until the -. v:rr' of the 193' decde. Ind.iccriminate burni;,g, however,

wan nevcr considered a mge ':oo 1 of removing .ce-ess forage because

of the destruuction factor :.7 forests, improved pasture forage and

ranch buildings and air pollution from the smoke. Miturc forage on

native land can be subdued with a heavy chopper and careful pasture

management without emoke pollution of the atmosphere. Since October

1, 1971, it is necessary to obtain permission from tih Department

of Agriculture and Consumer Service, Tallahassee, before burning refuse

on a farm or ranch.


1. Beacker, R. E., P. T. Dix Arnold, W. G. Kirk, George K. Davis and R. W.
Kidder. 1958. Miner'.1a for dairy and beef cattle. Fla. Agr.
Exp. Sta. 'uii. 513.

2. Becker, R. B., W. M. Ne.i and A. L. Shealy. 1933. Stiffa or
Sheuny phosphoruss deficiency in cattle). Fla. Agr. Exp. Sta.
Bull. 264.

3. Blaser, R. E., W. E. Stokes, J. D. Warner, G. E. Ritch.y and G. B.
Killinger. 1945. Pastures for Florida. Fla. Agr. Exp. Sta.
Bull. 409.

4. Cunha, T. J., R. L. Shirley, H. L. Chapman, Jr., C. B. Am ~erman,
G. K. Davis, W. G. Kirk, and J. F. Hentges, Jr. 1964. Minerals
for beef cattle in Florida. Fla. Agr. Exp. Sta. Eull. 683.

5. Hilmon, J. B, and R.H. Hughes, 1965. Fire and forage in the vir2-
grase type. J. Range Manage. 18:251-254.

5* i..;. R 1.972. :..a of s:ecking1 south FlO... a cutover
y 2' '. : .*.\ asteY rn Forest. .Cut :. r... V 'ore.St. ..::vjice.

7, J :, D. ;,. Hodgec and U7. Kirk. U0. Year-rund
fracin .i'tion of native and ia proved pasture. Fla.
,:g. On Ma. Bull. 554.

U. K:;r, W. ,., a,-d G. K. Dsvis. 1970. Datemination of blood
co-;,':: w : .a of cowst on native -r:,.: T;r'n ctn... 1.o. ;'-..r us and
-al'"....; ", :obin nnd hematocrit. J. Range Hi"--', 23:2'.'. -253.

9. Ki.r, ., G., E. M, aHdgeC, F. M. Peacock and M, :..:.*,.:. 1963. But-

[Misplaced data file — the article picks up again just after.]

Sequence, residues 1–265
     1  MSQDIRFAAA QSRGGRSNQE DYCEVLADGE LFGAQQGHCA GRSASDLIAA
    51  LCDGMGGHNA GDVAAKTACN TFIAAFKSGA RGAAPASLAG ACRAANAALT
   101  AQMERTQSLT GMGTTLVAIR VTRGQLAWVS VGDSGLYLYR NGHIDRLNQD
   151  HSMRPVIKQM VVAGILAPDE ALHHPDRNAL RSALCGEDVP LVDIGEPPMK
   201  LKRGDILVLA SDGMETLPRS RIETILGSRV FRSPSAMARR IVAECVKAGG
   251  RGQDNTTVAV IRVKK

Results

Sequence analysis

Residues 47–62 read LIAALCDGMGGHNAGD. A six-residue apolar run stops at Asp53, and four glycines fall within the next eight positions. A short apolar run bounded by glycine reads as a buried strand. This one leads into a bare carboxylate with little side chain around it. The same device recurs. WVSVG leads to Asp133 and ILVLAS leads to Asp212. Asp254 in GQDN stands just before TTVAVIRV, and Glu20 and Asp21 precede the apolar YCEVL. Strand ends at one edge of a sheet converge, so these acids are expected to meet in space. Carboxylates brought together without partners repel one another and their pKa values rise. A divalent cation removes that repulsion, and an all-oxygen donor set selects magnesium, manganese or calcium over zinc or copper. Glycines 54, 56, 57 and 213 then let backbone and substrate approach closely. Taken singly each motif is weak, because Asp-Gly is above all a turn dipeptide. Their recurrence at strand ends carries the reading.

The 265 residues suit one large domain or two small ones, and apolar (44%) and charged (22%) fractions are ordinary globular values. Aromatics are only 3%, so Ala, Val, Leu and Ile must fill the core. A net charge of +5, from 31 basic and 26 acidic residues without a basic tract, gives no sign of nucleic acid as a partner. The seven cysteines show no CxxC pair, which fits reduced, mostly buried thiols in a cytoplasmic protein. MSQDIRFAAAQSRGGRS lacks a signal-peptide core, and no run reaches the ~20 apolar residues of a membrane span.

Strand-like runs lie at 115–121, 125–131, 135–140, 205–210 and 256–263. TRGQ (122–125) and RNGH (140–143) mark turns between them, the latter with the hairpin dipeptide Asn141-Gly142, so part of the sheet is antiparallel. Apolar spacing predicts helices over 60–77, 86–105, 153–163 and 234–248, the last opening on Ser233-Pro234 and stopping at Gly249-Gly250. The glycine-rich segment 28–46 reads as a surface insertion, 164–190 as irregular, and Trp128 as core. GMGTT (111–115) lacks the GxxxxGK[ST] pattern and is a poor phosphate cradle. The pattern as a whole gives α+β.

viti.:.. and .::i:.: a.:r (moltriance of Brahman-i,.Lrtbour crossbreds.
Cront. ', .-eding beef cattle. Univ. of Fla. 1'.-r':, Gainesville.
pp. 1.0-147,

10. Kirk, W. :., A. L. s.' and Bradford Knapp, Jr., 1945. li int.
'i A...: tt cattle un a Florida range. Fla. /-Ar. E-,xp. Sta. Bull.418.

11. K rk .. ., R. L. Shirley, E. Hodges, G. K. Davis, F. M.
Peaauo:;k, J. F. Eaoley and F. G. Martin. 1970. Production t" r:'--
mince a.un blood and bone composition of cowa r:'t.:ir. panpoivo: -.R
pastures receive* different phosphate fertilizers, Fla. Agr.
Sta. Tech. Bull. 735.

12. Leri, Clifford E 2. 1970. In> to chopping and phospbate on
routh FloridA range,. J. n ", .r re. 23:275-' '...

Mc:Ca!eb, 3. E. and E. M. N;l:. 1960. Climatological records
ct 2'.,r.C Cattile ;-.ariment Station. 1952-58. Fin. Agr. .':-. Sta.
Mir. S-124.

14. .' rie. requirementsr of beef cattle, 1963. :-.> t.'.el Research
Council ,'- 1127, Washington, D. C.

15. Mouthwcell, E. L. and R. H. Pilr.bc. 1965. Beef cattle :r...f '.:.-t
practices for iregrass pine ranges of:Aeorgin. Ga, Apr. L'>p.
AnC. uil. 1,29.

16. Yarlett, L. L. 1965. Control of saw VIalmetto and recovery of naotivc
grasses. J. Range 18:344-345.